would have been gained by it. The subsequent notes must be taken as being rather selections than a full record.
Eighteen to nineteen months. "Poor" (should perhaps have been set down earlier): no appreciable difference from ordinary adult pronunciation. Dam (gum), a word of large significance; see next paragraph.
"Poor" was taught as an expression of pity, but extended to mean any kind of loss, damage, or imperfection in an object, real or supposed. Some of her reasons for assuming imperfection were curious. She said "poor" to the mustard pot and spoon, taking, as we suppose, the movable spoon for a broken part. "Gum," on the other hand, with which toys are often mended, is conceived as a universal remedy for things broken or disabled. Later (at twenty-two and a half months) she says "poor" to a crooked pin, and on my beginning to straighten it, "dada mend."
The sound of g is now coming, and a final nasal is developed. "Down" is pretty well pronounced. Ding dinner not the meal or meal-time, but a toy dinner-service.
Bé bé biscuit, with desiderative-imperative tone and meaning.
Nineteen months. O sound now distinctly made, and g distinct by the end of the month. "Guy" is now gá instead of dá. A final l once or twice observed: t'âl shawl. Final t distinctly made: hat or hot (hot). Soon afterward p (in "top," pronounced tap or töp); pu foot; after mastering final t she said fat. The monosyllabic form (one consonant and one vowel) still prevails. K is a favorite sound, and she has several words formed with it, which are carefully kept distinct. Ku stool. Kah (later kad)= cod [liver oil], which she considers a treat. Ko= "cozy" (on teapot); later ka-zi or ka-zhi. Kâ cold. Ká ká chocolate. Khi-en or kli-en clean; her first real dissyllable, for so she pronounced it. Bé for biscuit has now become bek. Sh'ad (thread). She has now observed the process of sewing, and tries to imitate it. Things broken, etc., are now divided into those which are to be mended with dam and those which are to be mended with sh'ad. Approach to chu (sugar) and shu (shoe, also sugar) sometimes quite distinct. I also note "jar" as well said, but s, sh, ch, j, are on the whole indistinct, and attempts to form them give curious palatal and sibilant sounds which I cannot write down. W, v, f, are now formed, but not well distinguished. Vák or wák walk, fák fork. Here also we get intermediate sounds. The w is often more German than English, though she cannot have heard the German w spoken.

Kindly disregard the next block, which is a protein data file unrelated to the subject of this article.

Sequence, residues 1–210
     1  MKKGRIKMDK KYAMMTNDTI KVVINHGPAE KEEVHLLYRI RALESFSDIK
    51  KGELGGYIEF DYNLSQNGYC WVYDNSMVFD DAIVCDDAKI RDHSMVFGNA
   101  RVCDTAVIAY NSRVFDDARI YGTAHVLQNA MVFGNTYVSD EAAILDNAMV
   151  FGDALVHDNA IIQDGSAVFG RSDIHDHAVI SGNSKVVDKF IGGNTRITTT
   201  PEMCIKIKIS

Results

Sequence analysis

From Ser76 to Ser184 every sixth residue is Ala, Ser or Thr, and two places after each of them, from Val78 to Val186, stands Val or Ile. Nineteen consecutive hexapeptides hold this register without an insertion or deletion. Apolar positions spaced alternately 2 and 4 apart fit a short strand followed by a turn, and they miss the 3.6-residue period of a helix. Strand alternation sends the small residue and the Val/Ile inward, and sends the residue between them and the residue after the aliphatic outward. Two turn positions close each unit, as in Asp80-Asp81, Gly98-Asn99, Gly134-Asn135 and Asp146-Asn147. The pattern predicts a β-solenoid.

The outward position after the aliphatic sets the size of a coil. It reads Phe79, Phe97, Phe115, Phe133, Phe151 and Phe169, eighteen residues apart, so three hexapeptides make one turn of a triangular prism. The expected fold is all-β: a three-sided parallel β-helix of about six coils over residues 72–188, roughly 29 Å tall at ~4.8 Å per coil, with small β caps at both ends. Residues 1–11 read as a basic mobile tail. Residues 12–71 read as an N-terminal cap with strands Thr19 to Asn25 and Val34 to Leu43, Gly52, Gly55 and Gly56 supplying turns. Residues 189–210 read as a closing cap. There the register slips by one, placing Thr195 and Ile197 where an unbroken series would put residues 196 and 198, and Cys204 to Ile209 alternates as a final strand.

The fork is a toy fork in the set of things generally called ding or din. But fák has another unexpected meaning. The child likes to look at an old illustrated edition of Dr. Watts's poems, and she has